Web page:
To further study the functional link between actin rings and taenidial folds, we addressed whether these two structures are generated in frame. Maximum projection from confocal planes obtained from embryos stained with phalloidin and fluostain supported this notion (Figure 1H), similarly to what has been shown upon F-actin labelling in fluorescent and DIC images at larval stages (Figure 1I, J and [Matusek et al., 2006]). In embryos, it is more difficult to reach a clear conclusion from confocal projection images, as the two structures are in different planes. However, transmission electron microscopy (TEM) images of the embryonic tracheal DT show the presence of electron dense structures in the cytoplasm underneath the taenidia (Figure 1K, open arrow). These densities are likely to be cross-sections of actin filaments and not vesicles or microtubules because of their size. Whereas microtubules appear as circular structures of about 25 nm in diameter and vesicles are generally 5–20 times larger, actin filaments are only about 7 nm in diameter (Grazi, 1997). Taken together these observations, lead us to conclude that actin filaments and taenidia are 'in-frame'.
Alteration of the tracheal apical F-bundles by mutants in genes encoding actin polymerisation proteins also cause defects in taenidial arrangement (Matusek et al., 2006). Such is the case for mutants for tarsal-less (tal), also known as polished rice (pri), a gene transcribed into a polycistronic mRNA that contains short ORFs encoding 11 or 32 amino acid-long peptides (Kondo et al., 2007; Galindo et al., 2007). Interestingly, tal/pri is essential for the formation of actin bundles that prefigure two chitin structures, namely denticles in the embryonic cuticle and taenidia in the trachea (Kondo et al., 2007). To further address the contribution of tracheal actin bundles to the arrangement of taenidia, we examined these two structures in the same mutant trachea to assess whether they are strictly correlated. In most tal/pri mutant embryos, the tracheal F-actin bundles formed but they were misoriented and did not follow the ring distribution found in the wild-type (Figure 2B,D); in some extreme cases, the bundles were completely disorganised. In all the cases studied, we found taenidia to be organised along the same pattern as the F-actin bundles, either running parallel to the tube axis when actin bundles were oriented in this way (Figure 2C), completely disorganised, or completely misshapen in twisted tracheal tubes when F-actin fibres were aligned in a twisted manner.
Similarly to tal/pri, mutants in the gene coding for the DAAM formin also disrupt tracheal actin rings and taenidia; this is also the case for the mutants in the gene coding for the Btk29A non-receptor tyrosine kinase, which interacts genetically with DAMM (Matusek et al., 2006). In both mutants, we found heterogeneous patterns of F-actin bundling in the same trachea, with stretches of perpendicular bundles followed by stretches of parallel bundles (Figure 2F, H). In support of the close relationship between F-actin bundles and taenidia, we found the latter to reproduce the stretches of parallel and perpendicular orientation of the former (Figure 2E,G). Of note, actin bundles were harder to observe in mutants for DAAM as they were much thinner than in the wild-type (Figure 2F).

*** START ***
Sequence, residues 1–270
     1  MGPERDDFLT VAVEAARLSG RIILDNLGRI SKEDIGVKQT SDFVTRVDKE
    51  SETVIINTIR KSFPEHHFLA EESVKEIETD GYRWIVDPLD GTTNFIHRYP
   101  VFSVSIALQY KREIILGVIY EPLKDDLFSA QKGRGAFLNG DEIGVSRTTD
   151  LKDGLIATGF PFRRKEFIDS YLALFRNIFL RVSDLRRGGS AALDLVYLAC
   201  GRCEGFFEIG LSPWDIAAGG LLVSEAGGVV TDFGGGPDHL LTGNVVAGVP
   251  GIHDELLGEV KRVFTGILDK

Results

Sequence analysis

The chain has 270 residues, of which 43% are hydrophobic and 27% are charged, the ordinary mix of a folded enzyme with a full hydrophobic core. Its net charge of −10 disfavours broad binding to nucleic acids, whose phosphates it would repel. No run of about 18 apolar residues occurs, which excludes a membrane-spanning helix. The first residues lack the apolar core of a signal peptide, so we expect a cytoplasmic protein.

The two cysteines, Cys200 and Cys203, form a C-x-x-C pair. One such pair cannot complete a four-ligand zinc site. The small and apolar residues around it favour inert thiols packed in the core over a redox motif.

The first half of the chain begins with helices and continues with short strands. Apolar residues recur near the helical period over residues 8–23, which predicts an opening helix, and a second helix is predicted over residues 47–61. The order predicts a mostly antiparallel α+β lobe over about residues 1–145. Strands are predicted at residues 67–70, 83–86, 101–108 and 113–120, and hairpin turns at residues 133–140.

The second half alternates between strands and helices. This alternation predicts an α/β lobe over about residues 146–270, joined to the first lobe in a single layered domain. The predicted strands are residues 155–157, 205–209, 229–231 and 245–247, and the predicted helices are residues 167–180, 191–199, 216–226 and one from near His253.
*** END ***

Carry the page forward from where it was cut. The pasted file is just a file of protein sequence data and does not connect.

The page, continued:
We extended our analysis to other genes such as singed (sn) and forked (f), which code for a fascin and an actin-binding protein, respectively, both expressed in tracheal cells (Okenve-Ramos and Llimargas, 2014) and also required for other cuticle structures such as adult bristles (Overton, 1967). However, neither appear to be involved in the tracheal actin rings as these structures formed normally in sn and f mutants and also in sn;f double mutants (data not shown). All together, these results indicate that tracheal actin rings are not only required for proper organisation of taenidia in larvae (Matusek et al., 2006) but also appear to play an instructive role in determining their initial formation during embryonic stages.
How could tracheal actin rings instruct the positioning of taenidia? EM images have identified the accumulation of electron-dense material at the base of the taenidia that is thought to correspond to the chitin synthesis complex (Uv and Moussian, 2010) and that appears to be located at the top of actin fibres (Moussian et al., 2006b). Thus, the tracheal actin rings may instruct taenidial fold shaping by dictating the sites of chitin production. In the Drosophila trachea, this production is carried out by the membrane-inserted chitin synthase encoded by the krotzkopf verkehrt (kkv) gene (Ostrowski et al., 2002). The Kkv chitin synthase enzyme catalyses the linkage between N-acetyl-glucosamines supplied in the cytoplasm and extrudes the polymers across the plasma membrane (for a review see [Moussian et al., 2006b]). Therefore, we analysed Kkv distribution in tracheal cells. For this purpose, we made use of a recently generated transgenic strain carrying a kkv-GFP-tagged construct under the control of the UAS promoter sequences (Moussian et al., 2015). When driven by the trachea-specific btlGal4 driver, it rescued the tracheal phenotype of the kkv mutants (our own results and [Moussian et al., 2015]), thereby indicating that the Kkv-GFP-tagged protein is fully functional and localises properly.